Archie keeps cracking me up in this book. First, he says “Duh” to Claudia and Jackie in chapter one. Then he mis-sings the lyrics to Tomorrow, and when Shea tells him he can’t sing any more, he says, “Can I have a tambourine solo?”
Elizabeth: “Kristy? Are you alright? You’re awfully quiet.” Sam: “Quiet for Kristy, or quiet for a normal person?” I love you, Sam Thomas.
When Kristy figures out that the Lowells are prejudiced, she tells the whole club. Claudia gets mad and you get the idea it’s the first time it has ever happened to her. Meanwhile, Jessi just gets quiet and philosophical—because it isn’t the first time something like this has happened to her. I like the line Jessi’s dad uses to explain prejudice: “They don’t hate you. They just don’t understand you.” (Not that that, or anything else, makes being discriminated against any less horrible.)
Mrs. Lowell calls and specifies a blonde, blue eyed baby-sitter. So instead of being mature and saying that’s not how the club works, Kristy gives her a bunch of reasons not to want the club to sit for her. She says that Logan’s available, but Mrs. Lowell says boys don’t babysit. So she offers to come, but points out she might be babysitting her adopted sister. At least she didn’t come out and say, “Sorry, we don’t sit for bigots.”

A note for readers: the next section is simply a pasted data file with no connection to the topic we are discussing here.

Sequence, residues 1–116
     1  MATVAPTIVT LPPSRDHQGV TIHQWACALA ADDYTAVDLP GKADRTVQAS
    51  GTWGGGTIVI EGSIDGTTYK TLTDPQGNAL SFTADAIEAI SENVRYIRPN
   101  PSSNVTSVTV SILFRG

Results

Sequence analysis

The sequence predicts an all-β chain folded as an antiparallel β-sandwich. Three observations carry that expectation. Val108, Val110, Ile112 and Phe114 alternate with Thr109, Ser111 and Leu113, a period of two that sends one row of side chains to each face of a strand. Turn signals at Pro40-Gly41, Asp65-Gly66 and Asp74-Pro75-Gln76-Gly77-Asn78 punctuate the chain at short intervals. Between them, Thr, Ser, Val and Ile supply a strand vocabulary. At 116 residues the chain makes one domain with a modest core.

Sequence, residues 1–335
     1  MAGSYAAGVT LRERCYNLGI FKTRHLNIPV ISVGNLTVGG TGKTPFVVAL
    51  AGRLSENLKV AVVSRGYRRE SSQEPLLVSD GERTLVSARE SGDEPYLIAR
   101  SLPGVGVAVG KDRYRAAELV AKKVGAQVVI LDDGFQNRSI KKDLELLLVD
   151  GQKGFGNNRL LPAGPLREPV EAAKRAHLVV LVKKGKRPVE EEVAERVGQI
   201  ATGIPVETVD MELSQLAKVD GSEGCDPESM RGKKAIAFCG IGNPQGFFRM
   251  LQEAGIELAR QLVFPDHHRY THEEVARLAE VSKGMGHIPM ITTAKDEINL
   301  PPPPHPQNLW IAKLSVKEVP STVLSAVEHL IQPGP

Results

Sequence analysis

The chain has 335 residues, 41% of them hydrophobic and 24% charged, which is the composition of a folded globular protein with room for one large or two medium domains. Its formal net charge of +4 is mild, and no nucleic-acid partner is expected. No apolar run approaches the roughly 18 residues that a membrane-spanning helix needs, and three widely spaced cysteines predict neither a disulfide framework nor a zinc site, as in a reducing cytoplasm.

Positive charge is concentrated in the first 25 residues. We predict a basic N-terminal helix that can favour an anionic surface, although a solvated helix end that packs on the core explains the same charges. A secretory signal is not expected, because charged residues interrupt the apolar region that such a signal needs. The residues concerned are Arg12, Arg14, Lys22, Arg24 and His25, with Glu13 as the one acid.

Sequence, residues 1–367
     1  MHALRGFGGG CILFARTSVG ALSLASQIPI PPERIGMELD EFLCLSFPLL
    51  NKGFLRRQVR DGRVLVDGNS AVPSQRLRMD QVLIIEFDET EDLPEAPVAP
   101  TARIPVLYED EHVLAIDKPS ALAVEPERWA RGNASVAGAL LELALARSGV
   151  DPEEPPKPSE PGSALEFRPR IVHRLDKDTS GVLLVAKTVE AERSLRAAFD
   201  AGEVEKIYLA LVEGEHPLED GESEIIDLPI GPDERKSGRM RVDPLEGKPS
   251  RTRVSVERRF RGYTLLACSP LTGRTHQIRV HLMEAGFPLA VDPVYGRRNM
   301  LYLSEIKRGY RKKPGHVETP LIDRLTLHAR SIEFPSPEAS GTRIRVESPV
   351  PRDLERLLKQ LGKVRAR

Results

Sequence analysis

It’s kinda odd that the main plot is mostly over by the end of chapter ten out of fifteen.
Why in the world would a bunch of kids have all seen Fiddler on the Roof and prefer the music to Annie? Don’t get me wrong, I love Fiddler. But Annie is way more kid-friendly.
Kristy suggests that Karen might want to be Miss Kazoo during the band concert and wear a bathing suit and a crown. This is (just one reason) why they should quit inviting Karen to stuff.
Poor Jackie. They let him be the MC of the concert and Claudia keeps giving him more and more advice before finally saying he should just use his good sense. Jackie tells her he thinks he was born without good sense. Just because he’s klutzy doesn’t mean he’s got no sense.
Claudia wants to pig out on junk food because her parents are serving liver for dinner. Mal suggests that’s akin to serving monkey, which nearly sends Kristy off on one of her disgusting food tirades. I can’t believe Mallory didn’t know what response that would have, even if she doesn’t eat lunch with Kristy at school.
Apparently, if you dial W-E-A-T-H-E-R on the phone in Stoneybrook, you get a weather report. I am shocked that Claud spelled weather correctly. Whether, waither, wether…I’m sure there are more….
Claudia gives Jackie a hug and he’s disgusted and hopes Nicky (the supreme girl hater) didn’t see. I’m trying to figure out when kids grow out of that and start liking the opposite sex. I feel like that had already happened by the time I was in fourth grade, so I’ll give Nicky and Jackie a couple years.
And of course the concert goes well and the band is never, ever heard from again. The end!
P.S. I was reading the preview for the next book—the Voldemort book (I do not name it) and found a spelling mistake: nickle for nickel. I wonder if that’s in the actual book, too?
Caitlin, MacKenzie (Mackie) and Celeste Lowell (8, 6 and 3)—29, 27 and 24Next week (or possibly the week after): Let’s make fun of something near and dear to my heart: